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  • Sylvie Zucca

How can we explain the explosion in the number of young girls questioning their gender identity?

Teenagers - and especially young girls - are increasingly questioning their gender identity. A team of NHS researchers has set out to find out why.

Atlantico: A team of NHS researchers has investigated the reasons for the dramatic increase in the number of biological adolescents seeking referral to specialist gender clinics. Just under 250 people were referred to the Gender Identify Service 10 years ago, compared with 5,000 last year, 2/3 of them young girls. How can we explain this sudden increase?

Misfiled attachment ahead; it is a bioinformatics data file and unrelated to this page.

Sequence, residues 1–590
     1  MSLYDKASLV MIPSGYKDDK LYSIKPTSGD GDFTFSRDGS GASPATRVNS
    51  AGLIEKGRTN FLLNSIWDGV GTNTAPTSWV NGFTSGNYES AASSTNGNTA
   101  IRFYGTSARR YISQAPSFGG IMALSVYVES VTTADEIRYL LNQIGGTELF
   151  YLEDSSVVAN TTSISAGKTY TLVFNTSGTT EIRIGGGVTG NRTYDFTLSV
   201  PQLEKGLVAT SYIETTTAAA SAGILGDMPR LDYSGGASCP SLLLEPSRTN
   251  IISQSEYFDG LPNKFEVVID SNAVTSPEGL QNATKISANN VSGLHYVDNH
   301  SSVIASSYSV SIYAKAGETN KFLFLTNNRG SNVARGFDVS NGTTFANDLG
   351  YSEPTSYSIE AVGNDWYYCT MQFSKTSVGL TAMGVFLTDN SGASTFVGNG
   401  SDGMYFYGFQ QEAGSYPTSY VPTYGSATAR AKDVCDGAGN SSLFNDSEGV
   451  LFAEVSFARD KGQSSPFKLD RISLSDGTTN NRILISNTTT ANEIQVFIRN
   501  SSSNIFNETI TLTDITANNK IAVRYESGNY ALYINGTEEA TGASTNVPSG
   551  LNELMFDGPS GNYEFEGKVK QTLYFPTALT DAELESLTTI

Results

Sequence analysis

Sylvie Zucca: This exponential increase exists in all Westernized countries. In France, it has become particularly visible in recent years, and even more so in the post-confinement era. Previously, the transgender population here consisted mainly of adult men who wanted to become women. Today, on the contrary, we are witnessing a very strong demand for gender reassignment from women wanting to become men, particularly from teenagers and young adults. I don't think anyone knows the "cause" of this process, but we can put forward a number of hypotheses. Adolescence is a delicate passage, and in girls, it often manifests itself as a physical preoccupation linked to a pubertal passage that can be painful (what used to be called "the ungrateful age"). It's always been there, but in today's terribly individualized world of images, it's more difficult to cope with, as mirrors and screens have invaded our world. If, on top of this, there's a very complex, even traumatic, family or individual history, or (fairly frequent) symptoms of anorexia nervosa, depression or autism, then there's a propensity, via social networks and contacts, to quickly self-diagnose "tda", "tsa", "hpi", "trans" and look for a solution: as quickly as possible, you need a body with no more feminine forms, no breasts or hips, and to be perceived as a man.

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